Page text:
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Thursday, 25 June 2020

Helping Your Child With Back to School Blues

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After months in lockdown, many schools across the UK are now starting to re-open their doors to certain students in some capacity. Whilst some children will be looking forward to returning to a normal schedule and seeing their friends, there are probably lots of children who are feeling very anxious or worried about a return. 


The adjustment will certainly be tough, particular with new safety measures in place, different class sizes and new schedules to get used to. So I have teamed up with an independent school in Richmond to offer some advice for dealing with ‘back to school blues’, whether that’s applicable now or in a few months’ time when children may be starting new schools or heading back for the first time in September. 

If your youngster has been enjoying some late nights during lockdown, it will take them some time to readjust to the early morning routine. With that said, it’s probably wise to encourage some earlier bedtimes in the run up to them returning to school so that it doesn’t come as much of a shock to the system, especially if they are used to getting up a little later in the morning and are suddenly being woken by an alarm nice and early! Even just making bedtime 15 minutes earlier a few days at a time can help ease everyone back into a better routine for school bedtimes and earlier mornings. They’ll probably protest but be sure to stand your ground; it’ll be worth it in the long run and after a few weeks into the routine it will seem completely normal.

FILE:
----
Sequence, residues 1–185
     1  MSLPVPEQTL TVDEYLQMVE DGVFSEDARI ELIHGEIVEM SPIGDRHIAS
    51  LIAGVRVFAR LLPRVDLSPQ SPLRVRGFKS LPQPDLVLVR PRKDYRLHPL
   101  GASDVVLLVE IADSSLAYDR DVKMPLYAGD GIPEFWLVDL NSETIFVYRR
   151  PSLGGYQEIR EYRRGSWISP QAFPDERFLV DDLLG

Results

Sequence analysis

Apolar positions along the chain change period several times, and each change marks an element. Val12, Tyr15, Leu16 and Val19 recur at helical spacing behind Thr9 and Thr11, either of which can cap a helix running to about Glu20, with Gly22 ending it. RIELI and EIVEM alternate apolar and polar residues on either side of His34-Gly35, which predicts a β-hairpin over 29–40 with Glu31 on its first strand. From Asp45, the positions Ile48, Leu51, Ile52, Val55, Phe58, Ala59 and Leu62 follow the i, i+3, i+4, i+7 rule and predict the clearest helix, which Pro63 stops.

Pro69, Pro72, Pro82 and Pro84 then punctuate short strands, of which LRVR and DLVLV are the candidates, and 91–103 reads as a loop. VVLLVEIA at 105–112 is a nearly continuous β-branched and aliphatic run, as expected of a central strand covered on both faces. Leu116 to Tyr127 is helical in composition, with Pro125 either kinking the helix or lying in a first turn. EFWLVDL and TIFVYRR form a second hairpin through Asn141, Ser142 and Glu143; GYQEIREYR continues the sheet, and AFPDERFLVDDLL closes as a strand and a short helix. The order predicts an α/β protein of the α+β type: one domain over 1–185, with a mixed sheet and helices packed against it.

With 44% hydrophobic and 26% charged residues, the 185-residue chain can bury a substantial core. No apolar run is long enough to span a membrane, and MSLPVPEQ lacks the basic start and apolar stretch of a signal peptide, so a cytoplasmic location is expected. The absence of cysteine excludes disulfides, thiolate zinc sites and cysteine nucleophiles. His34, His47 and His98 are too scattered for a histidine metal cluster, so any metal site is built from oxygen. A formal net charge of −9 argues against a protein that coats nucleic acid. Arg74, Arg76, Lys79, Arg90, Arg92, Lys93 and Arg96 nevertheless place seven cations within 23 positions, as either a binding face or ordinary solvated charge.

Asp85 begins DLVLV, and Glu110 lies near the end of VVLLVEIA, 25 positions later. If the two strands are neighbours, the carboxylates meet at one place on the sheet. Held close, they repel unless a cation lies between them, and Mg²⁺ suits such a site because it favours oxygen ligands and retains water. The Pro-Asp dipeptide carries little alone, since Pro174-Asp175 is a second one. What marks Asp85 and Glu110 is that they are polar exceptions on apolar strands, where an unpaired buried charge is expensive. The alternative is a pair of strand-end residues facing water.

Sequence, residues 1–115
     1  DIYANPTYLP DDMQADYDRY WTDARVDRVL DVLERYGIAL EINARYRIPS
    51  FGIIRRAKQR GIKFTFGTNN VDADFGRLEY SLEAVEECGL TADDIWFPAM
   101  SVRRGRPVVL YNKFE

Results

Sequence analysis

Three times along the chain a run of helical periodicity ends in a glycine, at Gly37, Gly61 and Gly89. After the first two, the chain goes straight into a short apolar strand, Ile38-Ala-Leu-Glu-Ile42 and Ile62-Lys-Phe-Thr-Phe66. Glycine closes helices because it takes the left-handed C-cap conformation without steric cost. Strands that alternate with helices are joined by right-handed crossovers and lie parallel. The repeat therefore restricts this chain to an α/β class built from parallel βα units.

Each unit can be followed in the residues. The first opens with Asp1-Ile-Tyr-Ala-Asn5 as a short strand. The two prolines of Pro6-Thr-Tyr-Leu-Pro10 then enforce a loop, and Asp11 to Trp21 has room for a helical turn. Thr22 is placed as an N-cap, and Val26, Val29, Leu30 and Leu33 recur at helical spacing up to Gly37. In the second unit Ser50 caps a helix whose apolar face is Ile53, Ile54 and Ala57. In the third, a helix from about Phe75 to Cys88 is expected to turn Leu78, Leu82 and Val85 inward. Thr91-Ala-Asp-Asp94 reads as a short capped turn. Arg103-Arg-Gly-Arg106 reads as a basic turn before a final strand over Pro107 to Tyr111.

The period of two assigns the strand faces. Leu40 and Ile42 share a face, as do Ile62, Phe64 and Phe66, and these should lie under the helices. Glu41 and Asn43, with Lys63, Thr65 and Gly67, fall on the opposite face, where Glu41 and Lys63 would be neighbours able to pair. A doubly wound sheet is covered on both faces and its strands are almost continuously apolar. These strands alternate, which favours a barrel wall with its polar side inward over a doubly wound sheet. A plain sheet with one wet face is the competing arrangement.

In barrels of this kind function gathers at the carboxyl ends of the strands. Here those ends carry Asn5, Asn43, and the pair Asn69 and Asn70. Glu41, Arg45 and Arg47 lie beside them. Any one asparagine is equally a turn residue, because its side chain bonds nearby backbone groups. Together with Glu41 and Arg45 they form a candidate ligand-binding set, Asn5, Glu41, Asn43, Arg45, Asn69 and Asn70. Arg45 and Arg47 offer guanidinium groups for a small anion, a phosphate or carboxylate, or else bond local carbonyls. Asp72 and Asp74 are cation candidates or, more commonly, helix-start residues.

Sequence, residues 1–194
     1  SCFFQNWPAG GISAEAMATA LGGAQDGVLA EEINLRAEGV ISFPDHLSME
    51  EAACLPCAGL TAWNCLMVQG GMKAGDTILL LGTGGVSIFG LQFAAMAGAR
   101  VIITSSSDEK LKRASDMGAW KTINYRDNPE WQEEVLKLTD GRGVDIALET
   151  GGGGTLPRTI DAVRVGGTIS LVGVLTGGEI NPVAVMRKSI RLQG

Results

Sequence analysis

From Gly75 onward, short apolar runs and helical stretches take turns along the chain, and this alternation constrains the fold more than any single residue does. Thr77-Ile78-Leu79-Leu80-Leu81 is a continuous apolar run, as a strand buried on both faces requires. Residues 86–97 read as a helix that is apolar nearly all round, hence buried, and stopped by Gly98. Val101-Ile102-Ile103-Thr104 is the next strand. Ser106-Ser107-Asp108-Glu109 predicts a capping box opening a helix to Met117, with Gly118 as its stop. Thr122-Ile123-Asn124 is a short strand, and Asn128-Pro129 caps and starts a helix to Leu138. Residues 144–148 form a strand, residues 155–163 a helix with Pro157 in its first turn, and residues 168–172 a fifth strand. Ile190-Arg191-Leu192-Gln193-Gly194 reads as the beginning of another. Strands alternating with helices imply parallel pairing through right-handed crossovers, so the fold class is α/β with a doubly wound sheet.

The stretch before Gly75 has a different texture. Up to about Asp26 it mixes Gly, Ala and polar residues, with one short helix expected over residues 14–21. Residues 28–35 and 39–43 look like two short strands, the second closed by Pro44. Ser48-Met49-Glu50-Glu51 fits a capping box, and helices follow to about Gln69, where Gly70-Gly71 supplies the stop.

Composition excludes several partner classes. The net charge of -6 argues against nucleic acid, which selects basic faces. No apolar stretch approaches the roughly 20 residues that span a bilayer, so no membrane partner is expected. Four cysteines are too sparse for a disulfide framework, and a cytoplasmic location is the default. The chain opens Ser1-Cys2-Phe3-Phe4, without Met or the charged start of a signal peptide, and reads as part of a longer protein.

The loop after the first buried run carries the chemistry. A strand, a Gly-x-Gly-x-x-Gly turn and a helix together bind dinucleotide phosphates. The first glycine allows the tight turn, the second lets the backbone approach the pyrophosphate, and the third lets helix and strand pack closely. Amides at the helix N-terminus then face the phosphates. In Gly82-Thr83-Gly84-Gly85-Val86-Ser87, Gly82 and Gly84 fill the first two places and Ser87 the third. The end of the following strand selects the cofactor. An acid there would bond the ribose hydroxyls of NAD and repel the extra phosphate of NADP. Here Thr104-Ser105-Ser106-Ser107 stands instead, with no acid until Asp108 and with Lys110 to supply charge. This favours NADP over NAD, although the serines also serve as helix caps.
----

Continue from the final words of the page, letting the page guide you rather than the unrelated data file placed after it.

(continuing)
Another thing we can all try to get our child all excited about returning to school is promoting and using positive attitude and thoughts towards going back to school as much as possible. Remind them how nice it will be to see their friends and have a change of scenery. Ask them to think about all the things they have missed since being home and how they will get to tell you about all the fun they have had when they return home. Also, you could invest in some new school supplies, like a pencil case an new stationery so that they can looking forward to using their new things. If they are returning now for a few weeks these can also be used come September. If you do decide to do this though it is worth checking with your school it is ok as some schools are asking you not to bring in bags or pencil cases etc unless absolutely necessary. 

You should also find some time to have a chat with your child and find out if there’s anything in particular that’s making them anxious about school. They might have been struggling with a particular subject or maybe even a bullying issue that is causing them to worry about returning. If you can figure out what might be causing their anxiety, you’ll be able to tackle the problem as soon as possible. Remind your child that what they’re feeling is normal and that many of their friends probably feel the same way. You could also reiterate to them all the great steps schools are putting in place to keep them safe and how this will help as this in itself can be very reassuring for kids. 

How are you and your child feeling about a return to school? 

xXx


**This is a collaborative post.**

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